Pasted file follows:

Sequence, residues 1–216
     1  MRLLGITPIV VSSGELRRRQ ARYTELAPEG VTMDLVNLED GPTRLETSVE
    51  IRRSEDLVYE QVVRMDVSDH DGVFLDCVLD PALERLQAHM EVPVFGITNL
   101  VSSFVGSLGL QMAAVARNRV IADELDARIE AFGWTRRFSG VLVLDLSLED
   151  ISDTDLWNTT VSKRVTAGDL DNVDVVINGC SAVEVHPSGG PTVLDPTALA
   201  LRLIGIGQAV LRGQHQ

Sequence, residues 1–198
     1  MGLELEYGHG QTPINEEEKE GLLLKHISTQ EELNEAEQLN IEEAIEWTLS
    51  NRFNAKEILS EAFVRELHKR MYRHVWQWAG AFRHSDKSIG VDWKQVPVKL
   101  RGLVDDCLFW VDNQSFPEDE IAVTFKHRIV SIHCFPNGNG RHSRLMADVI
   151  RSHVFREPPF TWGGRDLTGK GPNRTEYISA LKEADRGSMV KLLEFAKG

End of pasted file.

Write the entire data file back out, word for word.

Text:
Sequence, residues 1–216
     1  MRLLGITPIV VSSGELRRRQ ARYTELAPEG VTMDLVNLED GPTRLETSVE
    51  IRRSEDLVYE QVVRMDVSDH DGVFLDCVLD PALERLQAHM EVPVFGITNL
   101  VSSFVGSLGL QMAAVARNRV IADELDARIE AFGWTRRFSG VLVLDLSLED
   151  ISDTDLWNTT VSKRVTAGDL DNVDVVINGC SAVEVHPSGG PTVLDPTALA
   201  LRLIGIGQAV LRGQHQ

Sequence, residues 1–198
     1  MGLELEYGHG QTPINEEEKE GLLLKHISTQ EELNEAEQLN IEEAIEWTLS
    51  NRFNAKEILS EAFVRELHKR MYRHVWQWAG AFRHSDKSIG VDWKQVPVKL
   101  RGLVDDCLFW VDNQSFPEDE IAVTFKHRIV SIHCFPNGNG RHSRLMADVI
   151  RSHVFREPPF TWGGRDLTGK GPNRTEYISA LKEADRGSMV KLLEFAKG